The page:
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Rabbi Stiefel's Monthly Article

People of the Book

I was thrilled to learn that the Mayim Rabim book group is being renewed after a several year hiatus. Mayim Rabim tries to touch the lives of congregants through multiple paths of connection. These myriad of ways include religious services, Torah study, tikkun olam/social justice, social interaction, music and song, and holiday celebrations. The book group is one more opportunity for individuals to interact with our community and the Jewish world.

Jews are known as “People of the Book.” That Book is the Torah and subsequently all the commentaries that follow: Mishnah, Talmud and more. Jews have a love and reverence for text. We see this visually when the Torah is paraded around synagogues and kissed. It is also traditional when a siddur (prayer book) is dropped on the ground, to kiss it when it is picked up.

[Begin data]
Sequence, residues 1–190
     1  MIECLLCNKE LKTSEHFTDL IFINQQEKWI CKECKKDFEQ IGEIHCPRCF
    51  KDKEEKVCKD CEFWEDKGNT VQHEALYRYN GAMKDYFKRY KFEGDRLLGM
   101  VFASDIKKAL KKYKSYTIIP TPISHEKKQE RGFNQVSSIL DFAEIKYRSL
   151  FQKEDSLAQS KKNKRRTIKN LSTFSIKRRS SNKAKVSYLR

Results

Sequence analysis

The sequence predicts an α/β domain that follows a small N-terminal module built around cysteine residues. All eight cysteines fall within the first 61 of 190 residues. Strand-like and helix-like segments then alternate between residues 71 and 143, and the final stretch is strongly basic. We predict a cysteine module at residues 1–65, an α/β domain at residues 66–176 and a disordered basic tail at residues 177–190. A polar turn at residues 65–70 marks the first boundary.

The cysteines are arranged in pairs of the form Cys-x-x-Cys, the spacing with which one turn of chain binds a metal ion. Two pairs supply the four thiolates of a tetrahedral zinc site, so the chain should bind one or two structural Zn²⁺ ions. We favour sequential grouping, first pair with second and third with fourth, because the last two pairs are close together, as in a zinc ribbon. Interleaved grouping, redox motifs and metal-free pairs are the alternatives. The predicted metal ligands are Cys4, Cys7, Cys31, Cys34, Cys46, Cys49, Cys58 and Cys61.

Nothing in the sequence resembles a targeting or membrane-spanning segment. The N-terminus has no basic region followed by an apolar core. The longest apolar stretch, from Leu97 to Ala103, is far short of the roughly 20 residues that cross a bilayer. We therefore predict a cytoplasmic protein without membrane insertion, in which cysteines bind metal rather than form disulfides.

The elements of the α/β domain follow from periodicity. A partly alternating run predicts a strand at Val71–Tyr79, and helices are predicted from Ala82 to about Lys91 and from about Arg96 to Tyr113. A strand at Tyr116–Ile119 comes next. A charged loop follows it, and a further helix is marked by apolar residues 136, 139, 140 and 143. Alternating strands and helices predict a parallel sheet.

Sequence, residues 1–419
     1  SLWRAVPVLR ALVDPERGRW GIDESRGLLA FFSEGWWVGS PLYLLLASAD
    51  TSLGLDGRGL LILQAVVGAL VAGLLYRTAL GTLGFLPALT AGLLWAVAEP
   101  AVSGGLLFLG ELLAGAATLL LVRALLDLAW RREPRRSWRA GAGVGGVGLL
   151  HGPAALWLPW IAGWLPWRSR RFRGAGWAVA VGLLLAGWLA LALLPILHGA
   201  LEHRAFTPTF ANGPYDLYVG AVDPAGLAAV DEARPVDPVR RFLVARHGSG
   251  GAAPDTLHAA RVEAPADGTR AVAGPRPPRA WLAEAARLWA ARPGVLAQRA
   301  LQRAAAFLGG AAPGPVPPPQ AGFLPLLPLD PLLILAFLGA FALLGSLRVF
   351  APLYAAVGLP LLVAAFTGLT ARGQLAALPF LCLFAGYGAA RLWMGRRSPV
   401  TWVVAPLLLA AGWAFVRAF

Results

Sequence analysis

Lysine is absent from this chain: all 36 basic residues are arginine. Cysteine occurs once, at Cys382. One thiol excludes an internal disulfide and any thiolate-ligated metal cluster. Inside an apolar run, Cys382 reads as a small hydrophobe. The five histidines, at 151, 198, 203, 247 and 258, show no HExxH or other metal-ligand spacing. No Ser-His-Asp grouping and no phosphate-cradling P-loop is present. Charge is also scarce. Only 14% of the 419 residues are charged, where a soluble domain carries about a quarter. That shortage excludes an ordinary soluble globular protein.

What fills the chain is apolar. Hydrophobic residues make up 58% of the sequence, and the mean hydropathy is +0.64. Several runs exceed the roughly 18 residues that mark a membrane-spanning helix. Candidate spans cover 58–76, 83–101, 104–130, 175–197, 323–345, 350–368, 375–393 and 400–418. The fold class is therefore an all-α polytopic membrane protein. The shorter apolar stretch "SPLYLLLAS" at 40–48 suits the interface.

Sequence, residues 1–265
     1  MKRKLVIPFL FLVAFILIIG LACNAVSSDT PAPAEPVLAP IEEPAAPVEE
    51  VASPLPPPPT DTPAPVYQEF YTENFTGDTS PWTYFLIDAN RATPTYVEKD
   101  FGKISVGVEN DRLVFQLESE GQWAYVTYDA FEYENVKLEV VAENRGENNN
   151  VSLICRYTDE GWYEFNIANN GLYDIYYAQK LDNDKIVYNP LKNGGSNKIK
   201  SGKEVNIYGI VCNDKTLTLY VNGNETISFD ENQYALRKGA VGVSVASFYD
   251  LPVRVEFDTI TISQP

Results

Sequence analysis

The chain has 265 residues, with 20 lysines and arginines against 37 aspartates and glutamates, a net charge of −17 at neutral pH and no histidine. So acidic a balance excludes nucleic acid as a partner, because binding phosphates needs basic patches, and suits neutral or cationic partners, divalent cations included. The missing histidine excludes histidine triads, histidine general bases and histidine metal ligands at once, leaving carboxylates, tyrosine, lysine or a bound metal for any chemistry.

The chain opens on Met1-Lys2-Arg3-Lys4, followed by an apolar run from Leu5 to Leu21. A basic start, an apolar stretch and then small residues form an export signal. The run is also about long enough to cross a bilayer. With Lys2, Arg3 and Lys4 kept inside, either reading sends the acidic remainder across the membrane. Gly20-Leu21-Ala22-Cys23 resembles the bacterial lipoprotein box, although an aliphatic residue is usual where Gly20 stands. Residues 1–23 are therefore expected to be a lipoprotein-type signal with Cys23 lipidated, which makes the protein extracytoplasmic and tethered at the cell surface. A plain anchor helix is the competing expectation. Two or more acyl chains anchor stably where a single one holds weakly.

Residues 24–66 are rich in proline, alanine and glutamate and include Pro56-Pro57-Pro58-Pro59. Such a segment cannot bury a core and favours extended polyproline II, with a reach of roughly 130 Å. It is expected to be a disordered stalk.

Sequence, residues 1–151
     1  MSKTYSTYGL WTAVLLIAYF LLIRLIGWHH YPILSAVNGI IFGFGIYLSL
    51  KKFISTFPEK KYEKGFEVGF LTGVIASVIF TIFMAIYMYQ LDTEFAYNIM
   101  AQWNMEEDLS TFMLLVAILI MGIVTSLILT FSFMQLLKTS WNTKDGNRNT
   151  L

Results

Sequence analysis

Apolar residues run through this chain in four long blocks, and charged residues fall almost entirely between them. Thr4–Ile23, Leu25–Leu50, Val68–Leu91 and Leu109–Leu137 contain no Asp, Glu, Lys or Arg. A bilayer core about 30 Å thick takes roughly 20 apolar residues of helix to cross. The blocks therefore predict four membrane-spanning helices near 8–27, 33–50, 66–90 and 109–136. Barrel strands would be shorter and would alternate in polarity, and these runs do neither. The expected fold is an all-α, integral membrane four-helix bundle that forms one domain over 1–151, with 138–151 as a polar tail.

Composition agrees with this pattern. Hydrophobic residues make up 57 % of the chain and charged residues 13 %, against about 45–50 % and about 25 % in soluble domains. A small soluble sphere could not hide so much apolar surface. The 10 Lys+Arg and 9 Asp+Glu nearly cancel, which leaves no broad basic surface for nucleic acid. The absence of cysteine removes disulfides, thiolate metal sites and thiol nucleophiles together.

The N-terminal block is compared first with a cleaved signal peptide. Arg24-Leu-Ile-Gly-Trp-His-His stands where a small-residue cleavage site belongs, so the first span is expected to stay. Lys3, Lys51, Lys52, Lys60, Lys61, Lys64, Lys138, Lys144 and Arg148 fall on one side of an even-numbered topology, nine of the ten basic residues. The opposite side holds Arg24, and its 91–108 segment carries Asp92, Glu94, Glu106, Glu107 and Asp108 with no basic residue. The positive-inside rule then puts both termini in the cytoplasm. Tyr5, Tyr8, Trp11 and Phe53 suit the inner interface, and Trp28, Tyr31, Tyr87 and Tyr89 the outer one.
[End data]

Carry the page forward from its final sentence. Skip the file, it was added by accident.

The emphasis Judaism places on education follows from the high value with which we regard books.  Jews make up a disproportionate number of Nobel Prize winners. 22.4% have been Jews or of Jewish descent, although that same demographic comprises less than 0.2% of the world's population. There is a stereotype of Jews having superior intellect. I prefer to believe it is a long-lasting cultural phenomenon. The Jewish community places a high emphasis on learning --- and not just rote learning. The oft quoted saying, “two Jews, three opinions” highlights that we struggle, analyze and go deep when looking at issues. Exploration and debate of religious texts is valued and that easily gets translated to similar methodology within secular studies.

Book groups are a great way to expand our vista and socialize with others. My personal experience is that I often end up reading books that I might never have considered but am usually grateful for having had the nudge to do so. When I am brought out of my genre comfort zone, I end up learning so much more.

The book group will be reading On the Move, by Oliver Sacks, and meeting on Sunday February 9. Happy reading!